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Lead Your Team Strategy

When Developing Corporate Culture, Think Music

When Developing Corporate Culture, Think Music
When developing corporate culture, look to music for a plan, researchers say. / Credit: Music notes image via Shutterstock

If you want your business to be successful, you need to develop a culture in which employees can thrive, a new study finds.

Therefore, when developing an organizational culture, businesses should look to music as an example, according to new research from Iowa State University (ISU).

In the study, the researchers compared the structure of an organization to the structure of music. David King, one of the co-authors of the study and an associate professor at Iowa State University's College of Business, said that, much like music, each organization has a culture defined by its rhythm and harmony: The melody sets the theme of a composition, similar to the routines developed over time that create value in an organization.

It's critical for businesses to create a successful culture, he said, because that culture is what makes it attractive for people to come to work. It also acts as a safety mechanism by establishing which behaviors are acceptable and which ones are not, and in turn, helps to avoid problems, King said.

"The culture must be managed, and that is something most managers aren't taught to think about," he said. "People at the very top must set an example and demonstrate that culture."

In their comparison to music, King and co-author Samuel DeMarie, an ISU associate professor of management, noted how important it is for both music and organizations to find balance. They said the different instruments or units working individually may develop their own subculture but still need to function as a team to make music.

And while everyone is working toward a common goal, each employee at a business can't play the same instrument, the researchers noted. It's that diversity, DeMarie said, that helps prevent a culture of "groupthink" similar to what happened to Sears — for years, Sears was highly successful and, thanks in large part, to its catalog business, became the largest retailer in the world.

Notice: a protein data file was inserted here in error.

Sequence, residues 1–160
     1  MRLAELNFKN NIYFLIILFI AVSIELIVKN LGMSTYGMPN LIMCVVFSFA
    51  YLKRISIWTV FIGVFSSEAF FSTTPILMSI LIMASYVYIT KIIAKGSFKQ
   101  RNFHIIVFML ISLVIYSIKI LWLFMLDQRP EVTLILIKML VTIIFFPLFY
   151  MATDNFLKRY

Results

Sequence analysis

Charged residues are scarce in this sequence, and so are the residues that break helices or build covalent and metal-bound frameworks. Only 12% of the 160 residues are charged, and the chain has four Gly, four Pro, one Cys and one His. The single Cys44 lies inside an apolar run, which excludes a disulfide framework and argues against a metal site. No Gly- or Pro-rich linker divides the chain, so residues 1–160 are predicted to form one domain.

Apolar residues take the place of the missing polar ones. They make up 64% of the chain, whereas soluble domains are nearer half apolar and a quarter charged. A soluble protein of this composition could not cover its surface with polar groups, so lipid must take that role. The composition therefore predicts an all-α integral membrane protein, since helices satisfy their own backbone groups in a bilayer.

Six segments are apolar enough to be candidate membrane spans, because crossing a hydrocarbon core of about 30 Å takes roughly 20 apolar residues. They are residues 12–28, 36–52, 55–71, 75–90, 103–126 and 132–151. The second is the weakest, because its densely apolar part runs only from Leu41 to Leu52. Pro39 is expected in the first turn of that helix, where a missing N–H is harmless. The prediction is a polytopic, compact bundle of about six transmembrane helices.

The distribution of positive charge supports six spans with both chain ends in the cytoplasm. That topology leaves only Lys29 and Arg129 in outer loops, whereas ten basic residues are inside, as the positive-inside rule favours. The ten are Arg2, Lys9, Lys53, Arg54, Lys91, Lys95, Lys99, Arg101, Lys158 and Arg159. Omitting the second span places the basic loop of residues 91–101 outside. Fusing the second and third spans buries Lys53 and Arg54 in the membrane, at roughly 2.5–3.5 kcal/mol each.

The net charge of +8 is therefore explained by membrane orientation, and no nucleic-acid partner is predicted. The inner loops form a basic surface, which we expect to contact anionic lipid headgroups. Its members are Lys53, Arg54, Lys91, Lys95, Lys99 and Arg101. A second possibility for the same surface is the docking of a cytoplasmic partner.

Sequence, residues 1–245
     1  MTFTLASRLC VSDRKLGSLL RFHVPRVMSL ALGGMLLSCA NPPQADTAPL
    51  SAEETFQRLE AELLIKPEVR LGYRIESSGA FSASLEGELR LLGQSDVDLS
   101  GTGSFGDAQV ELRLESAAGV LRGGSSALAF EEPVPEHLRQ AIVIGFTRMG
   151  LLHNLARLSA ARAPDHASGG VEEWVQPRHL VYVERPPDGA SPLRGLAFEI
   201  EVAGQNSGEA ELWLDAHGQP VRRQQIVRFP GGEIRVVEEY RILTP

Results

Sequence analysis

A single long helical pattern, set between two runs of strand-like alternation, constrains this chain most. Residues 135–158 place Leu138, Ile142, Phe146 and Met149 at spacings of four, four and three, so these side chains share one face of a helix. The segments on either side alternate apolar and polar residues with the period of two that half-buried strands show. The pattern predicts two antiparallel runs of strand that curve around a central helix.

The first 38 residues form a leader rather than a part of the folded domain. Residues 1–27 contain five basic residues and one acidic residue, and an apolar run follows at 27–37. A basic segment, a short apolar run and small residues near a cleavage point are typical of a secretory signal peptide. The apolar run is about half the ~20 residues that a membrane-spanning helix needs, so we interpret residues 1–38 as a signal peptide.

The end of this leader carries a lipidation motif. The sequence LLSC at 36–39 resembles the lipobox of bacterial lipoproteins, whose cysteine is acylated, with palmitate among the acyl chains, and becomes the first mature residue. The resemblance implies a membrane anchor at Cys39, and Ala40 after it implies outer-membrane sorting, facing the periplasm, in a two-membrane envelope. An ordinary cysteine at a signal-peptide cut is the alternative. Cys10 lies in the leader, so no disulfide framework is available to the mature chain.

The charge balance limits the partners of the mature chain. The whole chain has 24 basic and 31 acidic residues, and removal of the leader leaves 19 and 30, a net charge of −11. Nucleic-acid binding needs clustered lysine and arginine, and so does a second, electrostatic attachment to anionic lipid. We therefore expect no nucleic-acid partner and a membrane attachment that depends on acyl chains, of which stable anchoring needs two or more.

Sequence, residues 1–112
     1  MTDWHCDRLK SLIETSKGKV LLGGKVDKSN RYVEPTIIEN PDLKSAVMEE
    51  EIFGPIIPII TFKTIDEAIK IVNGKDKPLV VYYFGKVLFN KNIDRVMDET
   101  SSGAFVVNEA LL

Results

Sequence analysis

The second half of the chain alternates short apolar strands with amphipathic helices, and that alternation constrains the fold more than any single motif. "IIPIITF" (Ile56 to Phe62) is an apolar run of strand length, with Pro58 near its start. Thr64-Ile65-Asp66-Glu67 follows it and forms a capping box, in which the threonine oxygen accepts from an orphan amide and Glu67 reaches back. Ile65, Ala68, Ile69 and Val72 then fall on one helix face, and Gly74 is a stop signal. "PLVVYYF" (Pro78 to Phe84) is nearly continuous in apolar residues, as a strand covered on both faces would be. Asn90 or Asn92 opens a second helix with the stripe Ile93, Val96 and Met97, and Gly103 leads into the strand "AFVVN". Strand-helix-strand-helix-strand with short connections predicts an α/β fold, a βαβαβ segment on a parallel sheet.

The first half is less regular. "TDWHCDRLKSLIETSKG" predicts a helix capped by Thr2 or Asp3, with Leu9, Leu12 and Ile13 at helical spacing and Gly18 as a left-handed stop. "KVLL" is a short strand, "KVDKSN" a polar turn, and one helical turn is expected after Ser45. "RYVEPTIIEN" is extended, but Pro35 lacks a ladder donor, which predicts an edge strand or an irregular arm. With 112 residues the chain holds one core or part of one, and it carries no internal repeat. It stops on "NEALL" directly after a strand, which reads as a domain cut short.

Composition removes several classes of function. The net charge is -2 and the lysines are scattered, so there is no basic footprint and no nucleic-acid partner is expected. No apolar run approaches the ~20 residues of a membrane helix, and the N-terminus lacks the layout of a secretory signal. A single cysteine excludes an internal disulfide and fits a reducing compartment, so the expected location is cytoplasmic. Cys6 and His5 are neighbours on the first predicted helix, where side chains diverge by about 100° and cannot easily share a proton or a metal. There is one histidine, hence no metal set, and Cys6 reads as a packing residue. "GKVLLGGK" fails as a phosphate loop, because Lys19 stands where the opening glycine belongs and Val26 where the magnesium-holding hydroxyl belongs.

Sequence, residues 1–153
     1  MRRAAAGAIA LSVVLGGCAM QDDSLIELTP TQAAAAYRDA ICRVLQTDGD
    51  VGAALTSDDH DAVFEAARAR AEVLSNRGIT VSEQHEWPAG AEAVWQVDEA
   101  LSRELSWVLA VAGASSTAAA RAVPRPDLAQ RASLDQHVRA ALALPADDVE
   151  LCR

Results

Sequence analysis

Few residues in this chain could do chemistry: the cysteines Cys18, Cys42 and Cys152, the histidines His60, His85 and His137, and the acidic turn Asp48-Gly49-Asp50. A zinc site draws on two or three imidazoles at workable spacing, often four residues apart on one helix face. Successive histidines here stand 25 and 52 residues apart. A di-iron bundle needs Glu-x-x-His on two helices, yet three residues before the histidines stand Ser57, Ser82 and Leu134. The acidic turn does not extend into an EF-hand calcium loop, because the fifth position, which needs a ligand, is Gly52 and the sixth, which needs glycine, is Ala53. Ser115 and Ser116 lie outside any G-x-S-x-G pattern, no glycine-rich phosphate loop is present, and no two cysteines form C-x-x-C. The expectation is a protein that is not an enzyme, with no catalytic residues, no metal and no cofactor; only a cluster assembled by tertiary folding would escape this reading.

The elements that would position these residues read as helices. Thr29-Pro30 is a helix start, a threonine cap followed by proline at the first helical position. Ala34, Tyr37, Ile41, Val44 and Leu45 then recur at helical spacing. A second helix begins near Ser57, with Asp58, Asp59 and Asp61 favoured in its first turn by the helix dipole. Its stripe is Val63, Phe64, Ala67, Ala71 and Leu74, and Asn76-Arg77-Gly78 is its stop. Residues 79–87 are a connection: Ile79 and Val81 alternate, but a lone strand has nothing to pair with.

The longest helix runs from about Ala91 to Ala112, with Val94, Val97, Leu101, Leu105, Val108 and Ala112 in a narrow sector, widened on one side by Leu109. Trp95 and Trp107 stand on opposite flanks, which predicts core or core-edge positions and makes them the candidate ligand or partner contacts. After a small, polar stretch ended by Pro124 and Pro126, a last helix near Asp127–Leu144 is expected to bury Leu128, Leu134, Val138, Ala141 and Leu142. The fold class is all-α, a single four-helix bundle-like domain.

"Unfortunately, Sears built an organization of like-minded people who understood the catalog business but were not open to new ideas," DeMarie said. "As technology evolved, Sears stuck to their tried-and-true formula for success, mailing out a large, high-quality and very expensive catalog."

Eventually, Sears "could no longer compete and has continued on a downward spiral for decades," DeMarie said.

That's why it's OK for different subcultures to exist within an organization, King said, adding that in business, there are people who need to take risks and employees who must adhere to a more rigid environment, much like the military.

"For example, you want your special forces to take risks, and there's a specific subculture for that group," said King, a retired Air Force officer. "However, you don't want employees who are handling money or nuclear-weapon certification to get creative."

King said the same is true for organizations. "You want people in an R&D lab to take more risks and be innovative," he said. "However, in finance and accounting, it's more regimented, and you don't want people to get creative."

In their paper, the researchers argued that culture needs to be something that an organization takes into consideration when promoting employees and that by focusing on company values, business can help weed out workers who may be potential problems.

Managers often promote people who have a good performance record, even though their values don't match those of the rest of the organization, King said. One bad apple, he said, can influence other employees and create a toxic environment, which can eventually escalate to a point where it's detrimental to a company.

Instead, company leaders should promote people who display a company's values and set an example for others, King said.

"An organization's culture is not something that's in our conscious thought," King said. "That's why managers, who are responsible for creating this experience, have to start thinking about it more consciously to manage it and not leave it to chance."

The research was published recently in the Graziadio Business Review.

Originally published on Business News Daily

Chad Brooks

Chad Brooks is a Chicago-based freelance writer who has nearly 15 years experience in the media business. A graduate of Indiana University, he spent nearly a decade as a staff reporter for the Daily Herald in suburban Chicago, covering a wide array of topics including, local and state government, crime, the legal system and education. Following his years at the newspaper Chad worked in public relations, helping promote small businesses throughout the U.S. Follow him on Twitter.

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